Novel anatomical reconstruction of distal tibiofibular ligaments restores syndesmotic biomechanics
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To date, there is a paucity of literature on syndesmotic reconstruction techniques that restore both anatomic stability and physiologic syndesmotic biomechanics. In this cadaveric study, (1) a novel syndesmotic reconstruction surgical technique using autogenous peroneus brevis tendon was described and (2) the biomechanical properties of the reconstruction was investigated.
Ten fresh-frozen lower extremities were used in this study. Reconstruction of the anterior and posterior, as well as the interosseous tibiofibular ligaments was performed with a halved peroneus brevis tendon. Biomechanics were assessed using foot external rotation torque and ankle dorsiflexion axial loading tests, which were performed in (a) intact, (b) cut, (c) anatomically reconstructed syndesmotic ligaments, and (d) 3.5 mm tricortical syndesmotic screw fixation. Medial–lateral and anterior–posterior displacements of the distal fibula were recorded during foot external rotation and fibular axial displacement was recorded during ankle axial loading.
The fibula was displaced posteriorly and proximally with respect to the tibia in all specimens during external rotation and axial loading tests, respectively. Significant differences (p < 0.05) were found in distal fibular displacements between anatomically reconstructed ligaments and screw fixation. Tricortical syndesmotic screw fixation resulted in 59% of posterior fibular displacement when compared to intact ligaments. No significant differences (n.s.) in distal fibular displacement were demonstrated between intact ligaments and anatomically reconstructed ligaments.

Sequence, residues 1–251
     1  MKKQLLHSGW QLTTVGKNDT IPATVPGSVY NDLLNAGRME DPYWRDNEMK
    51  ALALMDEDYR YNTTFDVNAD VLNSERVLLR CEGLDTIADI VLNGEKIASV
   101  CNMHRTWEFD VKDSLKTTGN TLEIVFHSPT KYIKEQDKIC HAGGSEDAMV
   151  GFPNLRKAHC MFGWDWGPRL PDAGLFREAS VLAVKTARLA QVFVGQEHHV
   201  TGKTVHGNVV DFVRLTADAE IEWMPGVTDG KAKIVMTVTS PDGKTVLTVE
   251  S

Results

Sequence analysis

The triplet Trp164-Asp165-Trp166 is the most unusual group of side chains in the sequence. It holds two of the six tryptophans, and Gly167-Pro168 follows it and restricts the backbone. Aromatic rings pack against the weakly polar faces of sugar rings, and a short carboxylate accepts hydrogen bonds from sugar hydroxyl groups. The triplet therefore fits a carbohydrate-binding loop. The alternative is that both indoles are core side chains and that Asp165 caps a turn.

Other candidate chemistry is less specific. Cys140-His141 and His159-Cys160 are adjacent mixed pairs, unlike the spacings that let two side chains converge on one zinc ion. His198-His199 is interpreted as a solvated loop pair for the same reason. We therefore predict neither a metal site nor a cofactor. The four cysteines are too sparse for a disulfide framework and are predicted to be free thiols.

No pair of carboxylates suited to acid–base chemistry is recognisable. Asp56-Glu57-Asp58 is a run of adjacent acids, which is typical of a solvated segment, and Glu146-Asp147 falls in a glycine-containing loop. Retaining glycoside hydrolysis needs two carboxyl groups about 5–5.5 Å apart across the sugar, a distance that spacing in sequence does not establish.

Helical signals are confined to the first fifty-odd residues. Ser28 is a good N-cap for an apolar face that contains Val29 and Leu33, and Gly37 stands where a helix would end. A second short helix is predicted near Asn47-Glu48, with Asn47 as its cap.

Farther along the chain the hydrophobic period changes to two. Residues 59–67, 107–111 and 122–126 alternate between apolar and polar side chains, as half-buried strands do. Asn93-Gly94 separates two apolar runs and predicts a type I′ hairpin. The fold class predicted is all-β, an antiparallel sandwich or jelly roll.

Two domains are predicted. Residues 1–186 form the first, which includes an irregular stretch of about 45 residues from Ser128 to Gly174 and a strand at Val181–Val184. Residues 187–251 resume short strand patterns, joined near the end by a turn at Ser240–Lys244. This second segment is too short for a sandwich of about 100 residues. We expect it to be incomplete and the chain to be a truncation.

Anatomical reconstruction of the distal tibiofibular ligaments with the peroneus brevis tendon provides stability and recreates the biomechanical properties of an intact syndesmosis. This new surgical technique may be a viable alternative for the treatment of syndesmotic injuries.
Level of evidence
KeywordsAnatomical reconstruction Surgical technique Distal tibiofibular ligaments Syndesmosis Biomechanical cadaveric study
We acknowledged Institute of Applied Mechanics and Biomedical Engineering of Taiyuan University of Technology for their assistance in biomechanical study.
Compliance with ethical standards
Conflict of interest
The authors declare that they have no conflict of interest.
No funding was received for the writing of this article.
This article does not contain any studies with human participants or animals performed by any of the authors.
For this type of study formal consent is not required.